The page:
The Role of Ultrasonography in the Discrimination of Reactive Lymphadenopathy in Children
Original Article
P: 39-44
April 2024

The Role of Ultrasonography in the Discrimination of Reactive Lymphadenopathy in Children

J Curr Pediatr 2024;22(1):39-44
1. Sakarya University Training and Research Hospital, Clinic of Pediatrics, Sakarya, Turkey
2. Sakarya University Training and Research Hospital, Clinic of Pediatrics, Division of Hematology and Oncology, Sakarya, Turkey
3. Sakarya University Training and Research Hospital, Clinic of Radiology, Sakarya, Turkey
No information available.
No information available
Received Date: 26.03.2023
Accepted Date: 14.01.2024
Publish Date: 29.04.2024



Many studies have been conducted on the role of ultrasonography in differentiating benign diseases that cause lymphadenopathy (LAP) from malignant diseases. However, there are no studies to distinguish LAP due to reactive etiologies from other benign infectious causes. In this study, the role of ultrasonography in the differentiation of benign LAPs was examined.

Materials and Methods:

This study prospectively evaluated 165 children with LAP aged 0-18 years. According to their clinical features, benign LAPs were grouped into viral and bacterial lymphadenitis, and reactive LAPs. Ultrasonographic characteristics of each group were assessed.


While loss of hilar echogenicity from ultrasonographic findings of LAPs was significant in differentiating reactive LAP from viral lymphadenitis, border irregularity was more favorable for bacterial lymphadenitis.


Differentiating benign LAPs is important in the decision to prescribe antibiotics. In addition to the clinical features, ultrasonographic features can also be used to make this distinction.

Keywords: Hilar echogenicity, lymphadenitis, peripheral lymphadenopathy, ultrasonography, reactive hyperplasia


Peripheral lymphadenopathy is one of the most common symptoms in childhood. Although the underlying cause is infection most often, malignancy must also be excluded. Although anamnesis and physical examination provide essential information for the differential diagnosis of diseases that cause lymphadenopathy, laboratory studies and imaging methods are often used in many cases. Ultrasonography is the preferred imaging method for children because of its low cost, accessibility, lack of radiation risk, and lack of anesthesia. Since the diagnosis of malignant diseases such as underlying leukemia and lymphoma is critical, many studies have evaluated the role of ultrasonography in the differentiation of malignant and benign causes of lymph node enlargement (1-5). However, there are few studies on the role of ultrasonography in the differentiation between lymphadenopathy with benign and reactive etiologies (6-8).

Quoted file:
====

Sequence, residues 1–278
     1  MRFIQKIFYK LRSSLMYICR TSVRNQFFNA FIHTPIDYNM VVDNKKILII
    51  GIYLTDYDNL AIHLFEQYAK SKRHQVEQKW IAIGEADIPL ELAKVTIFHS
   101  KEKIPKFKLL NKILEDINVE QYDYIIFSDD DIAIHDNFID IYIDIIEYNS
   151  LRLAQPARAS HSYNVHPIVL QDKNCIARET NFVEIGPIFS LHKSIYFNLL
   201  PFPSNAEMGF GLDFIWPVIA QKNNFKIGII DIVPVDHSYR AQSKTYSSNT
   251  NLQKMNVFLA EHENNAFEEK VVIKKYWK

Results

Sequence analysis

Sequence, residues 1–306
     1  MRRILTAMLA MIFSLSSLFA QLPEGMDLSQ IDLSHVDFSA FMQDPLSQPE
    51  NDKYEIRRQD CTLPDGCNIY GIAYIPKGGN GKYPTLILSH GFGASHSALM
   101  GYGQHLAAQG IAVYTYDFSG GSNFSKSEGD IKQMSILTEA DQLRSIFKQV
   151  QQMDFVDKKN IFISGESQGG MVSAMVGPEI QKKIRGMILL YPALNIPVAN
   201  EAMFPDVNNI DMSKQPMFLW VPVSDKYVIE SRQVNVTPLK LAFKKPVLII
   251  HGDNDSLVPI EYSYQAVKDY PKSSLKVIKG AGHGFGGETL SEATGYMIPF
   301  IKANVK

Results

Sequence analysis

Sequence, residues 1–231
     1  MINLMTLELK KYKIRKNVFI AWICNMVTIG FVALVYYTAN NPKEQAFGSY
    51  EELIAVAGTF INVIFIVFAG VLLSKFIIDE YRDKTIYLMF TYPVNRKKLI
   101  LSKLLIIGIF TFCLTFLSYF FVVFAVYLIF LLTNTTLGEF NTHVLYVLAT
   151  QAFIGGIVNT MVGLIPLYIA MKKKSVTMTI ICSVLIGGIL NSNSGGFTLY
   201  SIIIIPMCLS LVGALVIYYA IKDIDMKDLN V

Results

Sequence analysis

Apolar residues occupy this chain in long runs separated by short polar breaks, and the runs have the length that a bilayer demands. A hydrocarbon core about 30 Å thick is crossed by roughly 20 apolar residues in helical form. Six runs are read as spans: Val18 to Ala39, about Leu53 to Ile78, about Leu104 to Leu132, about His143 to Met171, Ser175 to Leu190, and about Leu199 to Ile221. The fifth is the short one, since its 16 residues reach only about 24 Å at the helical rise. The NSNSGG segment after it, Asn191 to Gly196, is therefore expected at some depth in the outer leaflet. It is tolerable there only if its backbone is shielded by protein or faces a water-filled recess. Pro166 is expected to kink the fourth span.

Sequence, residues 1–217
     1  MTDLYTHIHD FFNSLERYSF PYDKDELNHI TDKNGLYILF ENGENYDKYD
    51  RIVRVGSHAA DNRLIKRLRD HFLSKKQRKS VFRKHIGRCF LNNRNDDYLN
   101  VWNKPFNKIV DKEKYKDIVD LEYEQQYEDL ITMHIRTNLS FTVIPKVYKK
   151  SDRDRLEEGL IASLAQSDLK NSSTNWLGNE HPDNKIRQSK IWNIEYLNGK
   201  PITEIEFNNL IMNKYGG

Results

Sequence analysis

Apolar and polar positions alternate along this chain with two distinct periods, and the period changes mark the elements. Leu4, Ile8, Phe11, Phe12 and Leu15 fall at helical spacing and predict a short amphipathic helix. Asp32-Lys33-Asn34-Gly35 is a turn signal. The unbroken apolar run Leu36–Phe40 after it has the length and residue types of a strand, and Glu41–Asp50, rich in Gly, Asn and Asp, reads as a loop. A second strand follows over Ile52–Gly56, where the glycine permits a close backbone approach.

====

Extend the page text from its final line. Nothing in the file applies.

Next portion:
Infections and reactive hyperplasia are the most common benign events that can progress to peripheral lymphadenopathy in children (2,5,6,9,10). In daily practice, empirical antibiotic therapy is prescribed for possible infections for up to four weeks in many patients who cannot be diagnosed despite clinical findings, laboratory tests, and imaging, including ultrasonography, for differential diagnosis (11,12). If lymphadenopathy due to reactive hyperplasia, which is known to have no benefit from antibiotics, can be recognized on the first admission, vital resources will be preserved. Moreover, in some cases, the lymph node does not shrink despite antibiotic treatment, and other imaging methods, such as PET-CT, are requested, or a biopsy is performed to rule out malignancy. In this study, we compared the ultrasonographic features of reactive lymphadenopathy with those of bacterial and viral lymphadenitis, which are common benign etiologies in childhood.

Material and Methods